Columbus's Imago Mundi

Columbus's Imago Mundi

Leuven (Belgium) — Between 1480 and 1483

Part of world history because it made Christopher Columbus go off course: his annotated personal copy of the astronomical-geographical opus magnum by the French theologian Pierre d'Ailly.

  1. The astronomic-geographic work and opus magnum by the French theologian Pierre d’Ailly (1351–1420)

  2. Christopher Columbus (1451–1506) trusted D’Ailly’s outdated information and went off course

  3. Thus, the course of history was influenced by the text, with was published ca. 1483 by one of the first printing houses in Flanders

Columbus's Imago Mundi

  1. Description
  2. Detail Picture
  3. Single Page
  4. Facsimile Editions (1)
Description
Columbus's Imago Mundi

Christopher Columbus trusted in this text more than all the other suggestions of his contemporaries: the astronomical-geographical text Imago Mundi by Pierre d’Ailly. The most famous work by this significant French theologian from the year 1410 had not been at the cutting edge in Columbus’ day for a long time. The false calculations by the explorer were a result, as was the discovery of a new continent. Nevertheless, Pierre d'Ailly's Imago mundi is a wonderful and impressive testimony to the cosmographic knowledge of the early 15th century, especially since this copy of the edition printed in the early 1480s by John of Paderborn in Leuven is truly unique due to numerous personal notes by the famous discoverer. The Latin text is also accompanied by a great number of large diagrams and illustrative drawings, all colored in a beautiful palette of red, yellow and orange pigments, which are another fascinating feature of this remarkable incunabulum.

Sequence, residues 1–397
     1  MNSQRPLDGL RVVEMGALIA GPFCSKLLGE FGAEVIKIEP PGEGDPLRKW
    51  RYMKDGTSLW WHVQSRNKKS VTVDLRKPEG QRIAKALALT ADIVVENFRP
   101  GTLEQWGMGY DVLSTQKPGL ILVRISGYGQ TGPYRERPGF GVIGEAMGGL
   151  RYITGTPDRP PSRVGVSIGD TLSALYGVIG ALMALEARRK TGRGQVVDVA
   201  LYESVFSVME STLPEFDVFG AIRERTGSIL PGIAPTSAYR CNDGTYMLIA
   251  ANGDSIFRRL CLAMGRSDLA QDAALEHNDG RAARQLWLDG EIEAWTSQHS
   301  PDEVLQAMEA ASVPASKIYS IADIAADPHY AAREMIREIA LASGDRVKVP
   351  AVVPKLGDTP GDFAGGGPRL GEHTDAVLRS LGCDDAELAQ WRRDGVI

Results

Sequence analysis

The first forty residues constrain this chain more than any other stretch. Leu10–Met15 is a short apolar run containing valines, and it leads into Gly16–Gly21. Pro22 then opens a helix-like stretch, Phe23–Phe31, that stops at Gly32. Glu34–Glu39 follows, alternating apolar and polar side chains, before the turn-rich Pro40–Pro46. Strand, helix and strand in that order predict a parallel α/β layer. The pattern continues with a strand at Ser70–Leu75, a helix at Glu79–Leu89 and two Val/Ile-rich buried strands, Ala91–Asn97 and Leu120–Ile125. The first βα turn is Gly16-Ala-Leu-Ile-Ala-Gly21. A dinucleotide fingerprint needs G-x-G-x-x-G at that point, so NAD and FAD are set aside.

Columbus's Imago Mundi